Throughout this emergence of a fourth generation IFs (incorporating all of the above elements for additional users) there has been also a heavy emphasis on enhanced usability. Ideas from Robert Pestel in the TERRA project led to the creation of a new tree-structure for scenario creation and management. Ideas from Ronald Inglehart led to the development of the Guided Use structure and a somewhat more game-like character within that structure. Inglehart also help arrange funding to support the programming of Guided Use through the European Union Center of the University of Michigan.
The fifth generation of work on the system is now underway and has three major thrusts. The first is continued enhancement of the model itself, including the clearer and more extensive representation of the agent classes and their points of leverage. The desire to make the model a more valuable scenario-testing and policy-analysis tool guides that development. For instance, the further elaboration of the social accounting matrix structure, the development of education and health sub-models, and the substantial redesign of an economic production function with endogenous multifactor productivity are among several development directions.
Second, the project continues to make model interface and usability enhancements. These include a number of specialized displays, such as those to see the social accounting matrices, to display progress towards Millennium Development Goals, to explore poverty at different income levels, and to represent the educational attainment of population cohorts. Mapping and data analysis tools are being strengthened. The ability to drill into selected countries and to explore futures at the state or province level has been added.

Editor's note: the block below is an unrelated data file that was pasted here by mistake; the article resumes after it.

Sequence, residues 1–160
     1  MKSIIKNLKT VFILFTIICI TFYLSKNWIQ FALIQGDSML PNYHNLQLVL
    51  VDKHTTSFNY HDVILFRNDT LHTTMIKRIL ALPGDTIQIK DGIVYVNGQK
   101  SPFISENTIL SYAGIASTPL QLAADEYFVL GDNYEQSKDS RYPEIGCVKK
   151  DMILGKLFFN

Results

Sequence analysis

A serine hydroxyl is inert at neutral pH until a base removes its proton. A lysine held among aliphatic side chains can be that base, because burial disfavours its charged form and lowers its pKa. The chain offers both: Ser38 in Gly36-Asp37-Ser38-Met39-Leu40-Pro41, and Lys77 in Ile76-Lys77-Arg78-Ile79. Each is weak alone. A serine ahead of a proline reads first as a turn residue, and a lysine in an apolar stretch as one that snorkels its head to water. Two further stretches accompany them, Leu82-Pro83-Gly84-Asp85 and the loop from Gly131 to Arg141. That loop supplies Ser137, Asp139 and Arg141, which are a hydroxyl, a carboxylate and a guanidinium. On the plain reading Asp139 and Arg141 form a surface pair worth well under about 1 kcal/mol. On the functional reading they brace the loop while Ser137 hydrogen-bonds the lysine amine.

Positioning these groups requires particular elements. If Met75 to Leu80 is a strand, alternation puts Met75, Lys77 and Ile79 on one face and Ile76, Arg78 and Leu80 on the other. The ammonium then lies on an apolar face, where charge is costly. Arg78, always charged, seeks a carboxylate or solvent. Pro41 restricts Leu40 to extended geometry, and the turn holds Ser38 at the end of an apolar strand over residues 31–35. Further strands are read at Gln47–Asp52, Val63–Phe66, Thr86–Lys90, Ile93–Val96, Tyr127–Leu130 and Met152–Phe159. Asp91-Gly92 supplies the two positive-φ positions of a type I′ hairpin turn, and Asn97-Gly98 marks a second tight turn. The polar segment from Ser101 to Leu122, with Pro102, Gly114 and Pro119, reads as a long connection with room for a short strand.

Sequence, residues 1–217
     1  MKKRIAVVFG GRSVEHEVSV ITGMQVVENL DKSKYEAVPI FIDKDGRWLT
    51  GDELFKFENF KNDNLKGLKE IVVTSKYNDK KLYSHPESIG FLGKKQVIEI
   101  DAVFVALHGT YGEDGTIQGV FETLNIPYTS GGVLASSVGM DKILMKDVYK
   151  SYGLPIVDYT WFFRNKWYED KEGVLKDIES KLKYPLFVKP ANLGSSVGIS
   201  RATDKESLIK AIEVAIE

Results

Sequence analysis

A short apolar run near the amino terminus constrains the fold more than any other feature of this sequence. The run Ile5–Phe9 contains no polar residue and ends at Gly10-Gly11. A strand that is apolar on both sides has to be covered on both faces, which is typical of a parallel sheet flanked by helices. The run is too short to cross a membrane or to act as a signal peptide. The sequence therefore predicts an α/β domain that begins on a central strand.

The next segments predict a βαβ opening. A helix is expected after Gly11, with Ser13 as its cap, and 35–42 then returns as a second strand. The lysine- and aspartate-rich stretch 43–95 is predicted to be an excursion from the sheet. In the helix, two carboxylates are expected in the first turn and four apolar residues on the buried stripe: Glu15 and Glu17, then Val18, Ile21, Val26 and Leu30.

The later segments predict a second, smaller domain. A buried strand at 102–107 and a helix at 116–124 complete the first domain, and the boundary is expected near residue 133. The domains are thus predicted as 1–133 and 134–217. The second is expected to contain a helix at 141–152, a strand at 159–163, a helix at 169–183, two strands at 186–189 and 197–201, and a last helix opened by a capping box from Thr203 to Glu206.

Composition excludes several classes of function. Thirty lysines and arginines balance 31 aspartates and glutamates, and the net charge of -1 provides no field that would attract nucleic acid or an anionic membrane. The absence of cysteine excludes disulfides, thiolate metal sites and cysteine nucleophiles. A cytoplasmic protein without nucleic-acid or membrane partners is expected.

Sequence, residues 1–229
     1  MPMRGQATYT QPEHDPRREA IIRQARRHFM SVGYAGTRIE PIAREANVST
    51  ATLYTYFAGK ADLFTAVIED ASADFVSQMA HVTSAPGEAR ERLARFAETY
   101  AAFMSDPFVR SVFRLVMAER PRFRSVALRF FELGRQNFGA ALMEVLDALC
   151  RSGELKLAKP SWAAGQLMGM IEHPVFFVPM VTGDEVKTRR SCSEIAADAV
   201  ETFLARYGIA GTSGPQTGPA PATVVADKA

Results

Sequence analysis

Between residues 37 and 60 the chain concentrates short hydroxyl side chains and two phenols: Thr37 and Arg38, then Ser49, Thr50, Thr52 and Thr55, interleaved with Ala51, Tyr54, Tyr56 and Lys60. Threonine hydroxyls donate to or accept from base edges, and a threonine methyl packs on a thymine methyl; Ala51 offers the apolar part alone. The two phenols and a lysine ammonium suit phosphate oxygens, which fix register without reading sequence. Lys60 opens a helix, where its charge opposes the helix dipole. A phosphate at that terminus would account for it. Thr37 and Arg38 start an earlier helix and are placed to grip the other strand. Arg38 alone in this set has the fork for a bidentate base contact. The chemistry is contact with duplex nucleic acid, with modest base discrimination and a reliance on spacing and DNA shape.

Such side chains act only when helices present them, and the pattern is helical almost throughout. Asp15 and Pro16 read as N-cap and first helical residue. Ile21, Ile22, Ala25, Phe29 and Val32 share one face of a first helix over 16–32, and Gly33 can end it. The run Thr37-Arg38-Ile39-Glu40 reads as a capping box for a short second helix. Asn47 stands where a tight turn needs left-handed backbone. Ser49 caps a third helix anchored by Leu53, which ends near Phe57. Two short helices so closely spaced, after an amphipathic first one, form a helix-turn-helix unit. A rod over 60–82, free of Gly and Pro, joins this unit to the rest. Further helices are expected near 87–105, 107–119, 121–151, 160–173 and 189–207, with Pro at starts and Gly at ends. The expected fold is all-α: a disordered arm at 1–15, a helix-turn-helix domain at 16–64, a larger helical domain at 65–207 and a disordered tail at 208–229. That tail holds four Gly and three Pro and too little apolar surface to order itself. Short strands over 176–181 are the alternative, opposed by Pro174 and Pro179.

The third thrust is the institutionalization of the IFs system via (a) increased accessibility, transparency and openness and (b) broader and deeper connections with other modelers and model users. Large-scale models are often difficult to access, much less to understand and use with confidence. The first step in greatly increasing accessibility to IFs was the sponsorship of the web-based version of the model by the National Intelligence Council in its Project 2020 (NIC 2004). Among the methods that have been developed to make IFs more transparent are creating the ability to access flow charts, equations, and even computer code on demand for a user interested in particular variables/sub-areas of the model. One method the project has explored to make the model more open is the ability to add Vensim (system dynamics) modules and Excel modules to the model. Ultimately, making large-scale models into living tools will require providing general stuctures into which sophisticated users can insert new components in modular form.
Additionally, this includes the building of the Fredrick S. Pardee Center for International Futures, located in Ben Cherrington Hall at the University of Denver. Please visit our IFs News section to keep up on changes.